We give up drinking alcohol, we switch out our anti-wrinkle and/or acne cream for not so quite effective creams, cut back on eating tuna and may even give up coffee, all in effort to protect our potential pregnancy. So when the news and media share a study that says, 'study shows a hint of a possible link between miscarriage early in pregnancy and flu vaccine', it's natural to be concerned. Why are the Centers for Disease Control and Prevention (CDC) and American College of Obstetricians and Gynecologists (ACOG) still recommending the flu shot and is it safe for pregnancy?
No one can fully understand the weight of having been robbed of a life dream until it happens to them. Couples unable to conceive face similar feelings of loss and depression that befalls athletes sidelined indefinitely by an injury and people who have received a diagnosis of a disabling chronic illness. When diagnosed with infertility it may feel impossible to find joy in life when a life-dream deeply tied to your identity and purpose has been pulled out under from your feet. While it may be impossible to untangle your identity completely with the inability to conceive, it is possible to gain purpose and overcome jealously by cultivating outlets that foster a deep love for yourself and others.
Unlike coffee and intense exercise, which have conflicting evidence on the impact on fertility, weight has a clear impact not only on fertility, but also pregnancy and even the future health of your baby. For women with a BMI in the overweight or obese category, it is recommended to lose weight before becoming pregnant. By adopting a healthy diet and exercise program you may not only lose weight, but you may also feel better, have more energy and yes, become more fertile. Here is a guide on what to eat to maximize your fertility health and prepare your body for a healthy pregnancy and baby.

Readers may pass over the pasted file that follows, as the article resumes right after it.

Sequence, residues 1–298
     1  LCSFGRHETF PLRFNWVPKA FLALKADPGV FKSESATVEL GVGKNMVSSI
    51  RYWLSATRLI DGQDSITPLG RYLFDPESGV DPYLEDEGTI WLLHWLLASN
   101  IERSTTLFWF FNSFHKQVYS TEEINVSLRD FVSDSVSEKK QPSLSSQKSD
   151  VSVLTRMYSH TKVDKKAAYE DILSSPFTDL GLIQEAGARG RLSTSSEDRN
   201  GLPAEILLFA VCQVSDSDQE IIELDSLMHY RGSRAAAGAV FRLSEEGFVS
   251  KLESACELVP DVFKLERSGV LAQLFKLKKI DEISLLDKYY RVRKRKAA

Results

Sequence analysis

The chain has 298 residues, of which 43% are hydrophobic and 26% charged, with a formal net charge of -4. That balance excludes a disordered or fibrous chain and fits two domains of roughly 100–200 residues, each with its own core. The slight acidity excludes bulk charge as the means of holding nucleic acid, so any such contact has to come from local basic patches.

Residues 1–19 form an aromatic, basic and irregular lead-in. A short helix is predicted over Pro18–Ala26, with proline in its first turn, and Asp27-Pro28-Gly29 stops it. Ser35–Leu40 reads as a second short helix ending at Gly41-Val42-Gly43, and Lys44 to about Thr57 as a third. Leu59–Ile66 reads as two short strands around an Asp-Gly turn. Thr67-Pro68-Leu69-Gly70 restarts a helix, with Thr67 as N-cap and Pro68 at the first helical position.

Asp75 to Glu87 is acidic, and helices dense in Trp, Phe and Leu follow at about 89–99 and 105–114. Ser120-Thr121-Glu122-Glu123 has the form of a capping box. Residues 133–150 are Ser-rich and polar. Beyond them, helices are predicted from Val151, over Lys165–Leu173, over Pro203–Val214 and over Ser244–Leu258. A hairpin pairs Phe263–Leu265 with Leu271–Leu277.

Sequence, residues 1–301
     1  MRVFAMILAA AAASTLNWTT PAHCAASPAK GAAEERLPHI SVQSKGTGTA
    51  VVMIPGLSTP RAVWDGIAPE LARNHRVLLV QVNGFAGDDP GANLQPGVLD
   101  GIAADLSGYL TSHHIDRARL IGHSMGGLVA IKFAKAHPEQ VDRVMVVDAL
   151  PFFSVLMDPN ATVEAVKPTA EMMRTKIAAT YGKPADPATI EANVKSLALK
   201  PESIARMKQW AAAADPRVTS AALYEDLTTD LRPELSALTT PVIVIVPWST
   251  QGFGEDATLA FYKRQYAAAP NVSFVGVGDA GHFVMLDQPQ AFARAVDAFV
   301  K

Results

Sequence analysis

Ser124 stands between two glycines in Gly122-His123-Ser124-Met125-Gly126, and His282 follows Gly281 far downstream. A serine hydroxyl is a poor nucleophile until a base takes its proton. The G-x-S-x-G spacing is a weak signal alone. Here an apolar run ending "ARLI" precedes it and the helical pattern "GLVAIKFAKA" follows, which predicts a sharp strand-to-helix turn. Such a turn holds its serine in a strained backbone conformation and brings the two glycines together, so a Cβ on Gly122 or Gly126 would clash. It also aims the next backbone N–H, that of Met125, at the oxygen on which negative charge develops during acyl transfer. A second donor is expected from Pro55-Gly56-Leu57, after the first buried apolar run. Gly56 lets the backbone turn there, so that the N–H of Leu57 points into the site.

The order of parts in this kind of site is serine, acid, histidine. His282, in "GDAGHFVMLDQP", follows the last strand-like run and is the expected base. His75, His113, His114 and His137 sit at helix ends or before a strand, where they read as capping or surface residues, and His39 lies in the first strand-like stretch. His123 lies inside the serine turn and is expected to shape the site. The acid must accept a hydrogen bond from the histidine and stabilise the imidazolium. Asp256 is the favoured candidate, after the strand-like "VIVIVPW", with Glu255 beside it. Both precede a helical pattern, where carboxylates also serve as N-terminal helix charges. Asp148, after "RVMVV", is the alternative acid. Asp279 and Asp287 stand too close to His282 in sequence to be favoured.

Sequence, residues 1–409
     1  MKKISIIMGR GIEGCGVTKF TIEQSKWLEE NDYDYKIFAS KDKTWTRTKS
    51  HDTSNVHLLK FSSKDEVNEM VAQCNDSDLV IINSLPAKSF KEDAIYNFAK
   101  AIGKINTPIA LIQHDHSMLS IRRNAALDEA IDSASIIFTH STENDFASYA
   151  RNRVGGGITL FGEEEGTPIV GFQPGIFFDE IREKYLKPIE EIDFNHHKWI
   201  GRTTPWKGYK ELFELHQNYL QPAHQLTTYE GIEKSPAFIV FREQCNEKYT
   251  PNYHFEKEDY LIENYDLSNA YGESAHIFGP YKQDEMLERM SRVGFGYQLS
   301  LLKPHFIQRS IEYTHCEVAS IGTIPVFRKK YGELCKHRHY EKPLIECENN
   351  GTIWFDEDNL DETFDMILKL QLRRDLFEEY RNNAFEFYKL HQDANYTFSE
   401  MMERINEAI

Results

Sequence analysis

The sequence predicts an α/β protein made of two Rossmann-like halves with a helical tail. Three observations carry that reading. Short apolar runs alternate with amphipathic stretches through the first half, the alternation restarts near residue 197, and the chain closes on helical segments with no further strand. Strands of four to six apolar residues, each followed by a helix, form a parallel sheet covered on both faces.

"Try drinking cough syrup", "You must have an orgasm" and "Keep your legs up for 20 minutes after sex". What other advice have you read or received if you are trying to get pregnant? After trying to conceive for several months with zero success, many women will try any method they hear about that could potentially help. There are a good deal of myths and false information on what affects conception. To help alleviate trying to conceive stress and confusion, we address lifestyle factors that have been scientifically analyzed for whether they help or interfere with getting pregnant.